Try to control yourself. o:D

Ed
 

downunder

Well-known member
Well, I just 'bit the bullet'. For my uses, I have now found the 804's outclassed my Swarovski Habicht 8x30 set. My Habicht's, which I still consider a quality binocular, will be placed for sale and I have bought a Swift Audubon 820 set of binoculars to replace them. The Habicht's were my waterproof binoculars and I hope the waterproof 820's will be as good as or better than the 840's which I have found to be fantastic, superb, amazing, ...... I think you get the picture. I really like them.

Edited part - Murphy's Law - Ed, you must have sent your above post as I was writing mine. I didn't see yours until I posted mine. Oh well, I hope I get a good set of 820's.
 
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Patudo

Well-known member
I think it was back in 2006 I bought a couple of the older version 804 binoculars. They were out of collimation when they arrived from the US and I couldn't find anyone in Australia who was able to fix the collimation perfectly. I was very disappointed. I eventually gave them to my grandchildren.

Hi Downunder - I read your original thread with interest. It was a shame you weren't able to find someone able to collimate them. Australian Birdforum member "Rathaus" mentions employing the services of an ex Zeiss technician for his Bushnell Rangemasters in this thread (https://www.birdforum.net/showthread.php?t=316823). It may be worth trying to contact him.

Enjoyed reading about your latest purchases and hope you will have many years' enjoyment from both.

Regards,
Patudo
 

downunder

Well-known member
The Swift 820 has arrived. I am pleased with it and as Ed pointed out it generally is not a significant improvement on the 804. Of course the 804 was such a fine binocular that that is really a compliment. The three important differences between the 804 and the 820 are noticeable lower weight, rubber armouring, and waterproofness of the 820. I could give a detailed descriptive comparison but that has already been done at https://www.cloudynights.com/topic/...mc-type-4b2-vs-new-swift-premier-audubon-820/ . That comparison was particularly noteworthy for me as I own all three binoculars described in that thread and agree with the conclusions reached. I have fitted a Bino Bandit to the 820. The Bino Bandit works well on the 820. I am also lucky in that I find the eyecups on my 820 very comfortable.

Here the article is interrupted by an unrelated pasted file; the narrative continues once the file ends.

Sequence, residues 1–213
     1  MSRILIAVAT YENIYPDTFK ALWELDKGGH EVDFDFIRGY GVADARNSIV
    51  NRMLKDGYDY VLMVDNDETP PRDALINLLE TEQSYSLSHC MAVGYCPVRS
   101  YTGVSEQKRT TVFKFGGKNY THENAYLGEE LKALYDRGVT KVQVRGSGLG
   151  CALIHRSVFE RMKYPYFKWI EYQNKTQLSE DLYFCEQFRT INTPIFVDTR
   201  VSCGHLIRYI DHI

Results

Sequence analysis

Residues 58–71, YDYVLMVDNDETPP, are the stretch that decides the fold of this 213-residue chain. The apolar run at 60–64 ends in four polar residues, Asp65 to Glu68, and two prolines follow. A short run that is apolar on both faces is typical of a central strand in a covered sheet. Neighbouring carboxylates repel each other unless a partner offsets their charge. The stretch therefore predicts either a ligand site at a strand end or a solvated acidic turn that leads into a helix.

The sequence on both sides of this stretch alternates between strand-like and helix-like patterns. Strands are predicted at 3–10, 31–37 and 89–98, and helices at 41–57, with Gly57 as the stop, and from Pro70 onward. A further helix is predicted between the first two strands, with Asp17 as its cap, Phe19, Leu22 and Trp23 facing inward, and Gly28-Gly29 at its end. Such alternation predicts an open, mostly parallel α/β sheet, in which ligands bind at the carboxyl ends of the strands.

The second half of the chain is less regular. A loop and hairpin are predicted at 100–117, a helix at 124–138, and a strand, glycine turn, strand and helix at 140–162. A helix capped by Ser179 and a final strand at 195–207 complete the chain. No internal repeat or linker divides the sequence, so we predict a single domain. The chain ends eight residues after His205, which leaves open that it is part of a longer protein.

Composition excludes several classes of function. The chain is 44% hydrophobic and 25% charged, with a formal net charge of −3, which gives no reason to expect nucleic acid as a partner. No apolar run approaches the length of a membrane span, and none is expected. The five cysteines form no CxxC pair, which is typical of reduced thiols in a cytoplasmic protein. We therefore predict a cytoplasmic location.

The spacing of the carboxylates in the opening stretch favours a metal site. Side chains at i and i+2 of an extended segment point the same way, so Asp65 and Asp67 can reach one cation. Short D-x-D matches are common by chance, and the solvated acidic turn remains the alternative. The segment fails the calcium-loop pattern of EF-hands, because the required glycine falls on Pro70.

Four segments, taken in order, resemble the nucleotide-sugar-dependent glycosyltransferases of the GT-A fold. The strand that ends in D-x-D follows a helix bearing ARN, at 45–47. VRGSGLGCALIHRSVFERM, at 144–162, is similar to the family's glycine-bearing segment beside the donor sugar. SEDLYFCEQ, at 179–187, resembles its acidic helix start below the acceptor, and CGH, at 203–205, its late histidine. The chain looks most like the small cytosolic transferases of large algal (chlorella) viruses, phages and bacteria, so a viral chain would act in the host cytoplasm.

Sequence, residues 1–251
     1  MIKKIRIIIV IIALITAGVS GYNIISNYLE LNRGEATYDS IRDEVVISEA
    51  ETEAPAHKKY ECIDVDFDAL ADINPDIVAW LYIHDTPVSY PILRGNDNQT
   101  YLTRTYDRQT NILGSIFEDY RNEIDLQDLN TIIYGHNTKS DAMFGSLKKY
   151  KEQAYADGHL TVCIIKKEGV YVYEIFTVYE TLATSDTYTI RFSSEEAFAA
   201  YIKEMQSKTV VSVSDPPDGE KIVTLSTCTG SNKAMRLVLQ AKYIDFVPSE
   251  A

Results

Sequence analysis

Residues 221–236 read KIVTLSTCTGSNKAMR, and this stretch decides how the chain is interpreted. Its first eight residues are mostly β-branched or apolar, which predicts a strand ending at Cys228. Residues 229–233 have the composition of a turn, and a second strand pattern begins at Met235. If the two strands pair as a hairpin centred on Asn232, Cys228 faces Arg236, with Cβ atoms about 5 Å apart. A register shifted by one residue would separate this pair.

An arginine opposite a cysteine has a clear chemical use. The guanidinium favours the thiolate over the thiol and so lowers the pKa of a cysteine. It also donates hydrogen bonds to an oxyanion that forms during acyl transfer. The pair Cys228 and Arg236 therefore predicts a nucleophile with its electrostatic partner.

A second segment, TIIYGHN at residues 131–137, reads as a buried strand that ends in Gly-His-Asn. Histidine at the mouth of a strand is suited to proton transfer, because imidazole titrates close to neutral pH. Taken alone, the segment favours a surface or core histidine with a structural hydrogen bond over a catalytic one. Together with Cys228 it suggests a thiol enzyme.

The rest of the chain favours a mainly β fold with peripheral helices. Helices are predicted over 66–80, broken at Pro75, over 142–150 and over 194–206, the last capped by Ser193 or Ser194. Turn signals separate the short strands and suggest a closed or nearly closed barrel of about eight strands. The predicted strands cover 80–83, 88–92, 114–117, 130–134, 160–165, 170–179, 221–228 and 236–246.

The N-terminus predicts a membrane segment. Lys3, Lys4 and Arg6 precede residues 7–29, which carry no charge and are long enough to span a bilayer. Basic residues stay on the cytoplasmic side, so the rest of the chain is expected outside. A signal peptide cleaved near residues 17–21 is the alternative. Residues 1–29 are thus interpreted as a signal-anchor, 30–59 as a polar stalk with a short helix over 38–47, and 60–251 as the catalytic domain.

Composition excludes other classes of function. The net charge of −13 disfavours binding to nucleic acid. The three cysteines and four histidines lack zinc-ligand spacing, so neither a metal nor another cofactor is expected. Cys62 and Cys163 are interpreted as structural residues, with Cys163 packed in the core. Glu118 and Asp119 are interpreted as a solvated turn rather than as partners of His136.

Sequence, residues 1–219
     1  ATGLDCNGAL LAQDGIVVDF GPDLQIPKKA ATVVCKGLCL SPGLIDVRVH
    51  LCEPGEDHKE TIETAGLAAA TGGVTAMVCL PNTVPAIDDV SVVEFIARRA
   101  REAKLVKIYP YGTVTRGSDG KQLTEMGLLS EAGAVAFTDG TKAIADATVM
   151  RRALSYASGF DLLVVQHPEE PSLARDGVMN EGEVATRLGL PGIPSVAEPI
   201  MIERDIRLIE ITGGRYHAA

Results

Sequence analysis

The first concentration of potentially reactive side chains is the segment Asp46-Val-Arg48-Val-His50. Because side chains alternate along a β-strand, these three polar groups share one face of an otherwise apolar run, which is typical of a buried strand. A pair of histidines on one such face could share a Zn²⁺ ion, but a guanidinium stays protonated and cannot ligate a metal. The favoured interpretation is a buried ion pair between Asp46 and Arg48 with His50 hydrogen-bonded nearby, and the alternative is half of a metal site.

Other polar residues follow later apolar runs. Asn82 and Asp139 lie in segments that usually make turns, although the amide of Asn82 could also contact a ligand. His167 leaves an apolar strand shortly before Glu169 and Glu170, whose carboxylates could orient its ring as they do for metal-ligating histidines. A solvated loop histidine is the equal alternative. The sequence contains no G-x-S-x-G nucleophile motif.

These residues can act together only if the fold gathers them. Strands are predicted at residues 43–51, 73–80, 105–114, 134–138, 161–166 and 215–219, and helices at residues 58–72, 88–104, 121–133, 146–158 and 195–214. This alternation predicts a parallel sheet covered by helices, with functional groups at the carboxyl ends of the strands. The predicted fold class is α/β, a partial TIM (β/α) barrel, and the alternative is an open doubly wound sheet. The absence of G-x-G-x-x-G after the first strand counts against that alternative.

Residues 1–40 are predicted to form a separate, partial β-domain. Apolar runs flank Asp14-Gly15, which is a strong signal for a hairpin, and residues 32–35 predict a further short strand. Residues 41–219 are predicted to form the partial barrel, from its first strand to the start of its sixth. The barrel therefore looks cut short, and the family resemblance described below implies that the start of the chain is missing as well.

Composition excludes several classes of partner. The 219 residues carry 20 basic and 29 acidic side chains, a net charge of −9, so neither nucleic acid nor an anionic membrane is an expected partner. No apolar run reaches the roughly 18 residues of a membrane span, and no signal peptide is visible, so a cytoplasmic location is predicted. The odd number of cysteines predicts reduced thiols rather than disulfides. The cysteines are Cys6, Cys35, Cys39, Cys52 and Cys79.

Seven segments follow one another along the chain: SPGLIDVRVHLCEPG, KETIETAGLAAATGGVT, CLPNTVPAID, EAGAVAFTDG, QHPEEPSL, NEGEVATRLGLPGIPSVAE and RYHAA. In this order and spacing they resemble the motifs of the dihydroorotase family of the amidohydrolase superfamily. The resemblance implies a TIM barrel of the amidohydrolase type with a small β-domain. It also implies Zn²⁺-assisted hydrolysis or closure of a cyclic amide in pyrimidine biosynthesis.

downunder

Well-known member
I have now had time to fairly extensively compare my 804 version with the 820 model. My priorities for comparing included ease of focus, quickness of focus, and clarity of the view in both resolution, contrast, and clarity. In every one of these categories my 804 won. To put it simply, my 804 was just so much more fun to use. It is a pity the 804 does not have some of the other attributes of the 820 like the waterproofing etc. but the 804 I have is magnificent. There is basically nothing wrong with the 820 I have but it is being returned to the seller. My version can't compete with the 804 I already own.

To give an idea of how good my 804 is, as well as returning the 820 I am now reducing my binocular collection and selling near new versions of the Swarovski Habicht 8x30 W, an Anniversary Nikon 8x30 EII (but I will be keeping a normal model EII), and a Canon 10x30 IS II. I am keeping the 840. It is not that there is anything wrong with the newer binocular models but in my opinion the old 804 is better.

As an aside, I will also be keeping my 40 year old version of the Swarovski Habicht 7x42 binoculars (and even buying a new version to gain waterproofing). Amazing that these two old models (the 804 and habicht) can not only keep pace with newer binoculars that generally cost much more, but in some ways beat the newer models especially in what I would call the 'fun factor'.